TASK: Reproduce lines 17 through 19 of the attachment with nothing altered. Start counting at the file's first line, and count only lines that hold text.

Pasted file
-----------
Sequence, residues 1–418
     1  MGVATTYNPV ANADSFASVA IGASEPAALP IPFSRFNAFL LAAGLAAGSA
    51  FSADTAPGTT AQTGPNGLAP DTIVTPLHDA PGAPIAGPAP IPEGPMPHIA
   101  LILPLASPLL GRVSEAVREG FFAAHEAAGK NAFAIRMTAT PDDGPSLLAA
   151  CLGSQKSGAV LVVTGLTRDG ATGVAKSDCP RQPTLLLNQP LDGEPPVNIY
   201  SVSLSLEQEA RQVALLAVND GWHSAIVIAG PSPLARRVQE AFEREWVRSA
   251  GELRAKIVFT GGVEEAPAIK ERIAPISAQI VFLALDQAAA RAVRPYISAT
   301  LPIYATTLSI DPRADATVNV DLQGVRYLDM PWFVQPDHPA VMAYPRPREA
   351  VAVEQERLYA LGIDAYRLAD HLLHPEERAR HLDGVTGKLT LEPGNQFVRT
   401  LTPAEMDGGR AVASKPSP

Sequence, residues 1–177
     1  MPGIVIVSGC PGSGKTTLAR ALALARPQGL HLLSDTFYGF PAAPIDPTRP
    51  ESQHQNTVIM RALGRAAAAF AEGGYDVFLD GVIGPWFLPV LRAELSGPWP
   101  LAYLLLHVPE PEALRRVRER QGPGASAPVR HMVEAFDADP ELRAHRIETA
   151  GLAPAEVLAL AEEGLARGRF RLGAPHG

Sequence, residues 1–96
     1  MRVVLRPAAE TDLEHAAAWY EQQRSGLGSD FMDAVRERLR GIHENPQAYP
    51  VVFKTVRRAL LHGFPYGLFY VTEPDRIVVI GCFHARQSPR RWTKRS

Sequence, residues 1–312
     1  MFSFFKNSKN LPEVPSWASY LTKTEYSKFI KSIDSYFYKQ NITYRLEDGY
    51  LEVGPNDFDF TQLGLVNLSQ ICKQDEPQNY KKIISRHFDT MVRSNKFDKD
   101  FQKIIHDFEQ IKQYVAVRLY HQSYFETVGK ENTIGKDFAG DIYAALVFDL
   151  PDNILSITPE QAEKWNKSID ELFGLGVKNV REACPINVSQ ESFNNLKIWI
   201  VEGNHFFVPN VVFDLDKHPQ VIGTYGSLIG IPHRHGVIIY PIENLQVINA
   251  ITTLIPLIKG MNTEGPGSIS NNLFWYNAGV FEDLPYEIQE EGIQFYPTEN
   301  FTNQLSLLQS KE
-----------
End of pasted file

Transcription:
     1  MRVVLRPAAE TDLEHAAAWY EQQRSGLGSD FMDAVRERLR GIHENPQAYP
    51  VVFKTVRRAL LHGFPYGLFY VTEPDRIVVI GCFHARQSPR RWTKRS

Sequence, residues 1–312